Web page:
Intro Audiocast

Sunday, September 29, 2013

What's That Smell... The Smell of It Surrounds You...

America's fascination with War on Social issues, like crime, poverty and the American working class, didn't start with the War On Drugs, but it would be hard to find a more costly or societally damaging "War" in our history.The War on Drugs officially began with President Nixon, in 1971, but in reality goes back much further than that. The first laws regarding drug regulation go back to 1906, with the Pure Food and Drugs Act of 1906. Unfortunately for aesthetics reasons, we weren't really creative or Orwellian in our legal naming conventions back then.
One thing the U.S. was already getting pretty good at, was finding ways to push our philosophies on each other. Nixos didn't like drugs, he didn't like drug culture, and didn't like people who partook of their volition for no better reason than,"Because".When he got on in office, he made that one of his pet projects, and he had a lot of money to play with.

The War Comes Home
The History of the War on Drugs and War on Crime are inextricably linked in U.S. exceptionalism. We have this collective thought that any thing that we believe is wrong should be illegal. If it can harm you, and you do it anyway then you are stupid, and therefore you have to be protected from yourself. Since it was instituted as U.S. Domestic Policy, in 1971 by Richard Nixon, the Ware on Drugs has the cost more than $1Trillion. 40 years of failed policy has put more than 1% of the total U.S. population behind bars, and ruined lives.
Not only has it increased the prison population, for incarceration, due to drug offenses, by more than 1000%, but it also costs as much as 6% of our entire Gross Domestic Product (GDP). We, currently, have incarcerated almost as many people as the entire state of Wyoming, for drug offenses. That makes the War on Drugs the largest single contributor to a population in the world. No other factor increases a population demographic faster than drug offences.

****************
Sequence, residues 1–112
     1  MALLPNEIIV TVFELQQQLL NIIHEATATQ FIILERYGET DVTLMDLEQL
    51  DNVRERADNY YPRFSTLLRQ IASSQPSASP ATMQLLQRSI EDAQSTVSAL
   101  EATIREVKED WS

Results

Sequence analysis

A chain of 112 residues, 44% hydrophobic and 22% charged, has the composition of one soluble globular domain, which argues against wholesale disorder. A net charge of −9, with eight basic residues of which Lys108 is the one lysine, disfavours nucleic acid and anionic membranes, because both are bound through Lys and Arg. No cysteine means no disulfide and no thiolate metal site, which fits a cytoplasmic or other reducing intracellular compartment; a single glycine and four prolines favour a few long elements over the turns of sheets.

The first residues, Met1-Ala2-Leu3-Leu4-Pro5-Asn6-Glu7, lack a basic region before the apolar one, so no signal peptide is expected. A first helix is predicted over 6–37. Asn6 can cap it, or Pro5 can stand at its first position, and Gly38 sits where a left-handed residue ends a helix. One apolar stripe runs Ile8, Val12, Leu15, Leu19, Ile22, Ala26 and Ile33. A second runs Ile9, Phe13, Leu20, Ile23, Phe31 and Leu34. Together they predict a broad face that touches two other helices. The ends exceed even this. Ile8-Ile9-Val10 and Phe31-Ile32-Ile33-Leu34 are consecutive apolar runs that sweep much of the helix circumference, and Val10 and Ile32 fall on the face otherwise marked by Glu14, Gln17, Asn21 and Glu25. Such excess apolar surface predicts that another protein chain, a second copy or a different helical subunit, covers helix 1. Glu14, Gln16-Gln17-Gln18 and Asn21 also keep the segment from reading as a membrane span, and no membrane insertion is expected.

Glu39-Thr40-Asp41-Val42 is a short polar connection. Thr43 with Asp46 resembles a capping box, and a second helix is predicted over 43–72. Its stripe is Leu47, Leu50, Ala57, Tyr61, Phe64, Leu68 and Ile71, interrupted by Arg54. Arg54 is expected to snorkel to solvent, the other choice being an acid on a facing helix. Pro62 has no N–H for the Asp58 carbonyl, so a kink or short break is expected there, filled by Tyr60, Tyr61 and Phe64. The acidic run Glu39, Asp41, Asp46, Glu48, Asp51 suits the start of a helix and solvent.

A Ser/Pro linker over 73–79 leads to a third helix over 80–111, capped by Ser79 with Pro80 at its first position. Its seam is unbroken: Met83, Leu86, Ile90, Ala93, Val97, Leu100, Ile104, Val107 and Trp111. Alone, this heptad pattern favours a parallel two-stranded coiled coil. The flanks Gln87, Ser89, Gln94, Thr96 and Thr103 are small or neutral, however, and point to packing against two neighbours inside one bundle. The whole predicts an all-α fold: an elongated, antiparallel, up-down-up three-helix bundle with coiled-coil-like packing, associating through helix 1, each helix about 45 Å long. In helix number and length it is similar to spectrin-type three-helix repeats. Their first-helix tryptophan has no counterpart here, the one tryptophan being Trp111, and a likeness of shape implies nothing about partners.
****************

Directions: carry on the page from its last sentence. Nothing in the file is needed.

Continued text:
Nixon Just Says No

Nixon, Haig, Ford, Kissinger:
 Kind of like the Beatles
 if those guys hated
Brown people and the poor.
According to Drugpolicy.org, Nixon decided to ramp up the entire U.S drug enforcement community, and started Mandatory Minimums, and No-Knock Warrants. He also setup a commission that was intended to tell everyone how evil marijuana is, and they came back with a serious case of the munchies, saying that the Weed ain't that bad, and not to classify it as a Class 1 substance. Nixon obviously had them arrested and thrown in jail, (unconfirmed, but I think that is what happened.)
The U.S. had a problem with people using drugs previously, but this is the point where we started to tie the idea of race and poverty into drugs. As such it is the first time that we really saw a concerted effort on the part of the Republicans to disenfranchise voters based on lifestyle. You have to remember that up until this point the Republican party was the party of peace and equality. It was started by Abraham Lincoln who ran on the Abolitionist platform.

And Then...
Ronald Reagan's Political Career was born in the fires of the California Governorship, and was wracked by conflicts with the Berkley protests, and declaring war on the poor, those receiving welfare benefits. When he won the 1980 Presidential bid, he did so with the help and support from the Religious right, and the hard right wingers of the time, that felt threatened by the power of the former Soviet Union. In the late 1970's Reagan juxtaposed his failed bid for the Presidency with Jimmy Carter's stance on legalizing marijuana.
Throughout his Presidency, Reagan had a hard-on for drugs and drug use. He decided the current amount of people in prison for drug use, just wasn't enough. He also decided to implement mandatory minimum sentences for drug offences, death penalty sentences for certain drug offences and other crimes that involved drugs, and also created rules for financially ruining those convicted of drug use, which was never abused by those who would benefit from the seizures.